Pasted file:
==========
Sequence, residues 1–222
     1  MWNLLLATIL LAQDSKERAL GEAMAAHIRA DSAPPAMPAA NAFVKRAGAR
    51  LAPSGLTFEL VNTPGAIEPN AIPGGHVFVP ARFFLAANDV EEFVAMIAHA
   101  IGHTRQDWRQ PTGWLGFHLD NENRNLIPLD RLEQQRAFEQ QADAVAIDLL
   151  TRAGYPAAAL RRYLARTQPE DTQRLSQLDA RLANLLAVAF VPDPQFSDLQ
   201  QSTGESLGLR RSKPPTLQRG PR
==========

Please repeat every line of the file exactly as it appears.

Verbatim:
Sequence, residues 1–222
     1  MWNLLLATIL LAQDSKERAL GEAMAAHIRA DSAPPAMPAA NAFVKRAGAR
    51  LAPSGLTFEL VNTPGAIEPN AIPGGHVFVP ARFFLAANDV EEFVAMIAHA
   101  IGHTRQDWRQ PTGWLGFHLD NENRNLIPLD RLEQQRAFEQ QADAVAIDLL
   151  TRAGYPAAAL RRYLARTQPE DTQRLSQLDA RLANLLAVAF VPDPQFSDLQ
   201  QSTGESLGLR RSKPPTLQRG PR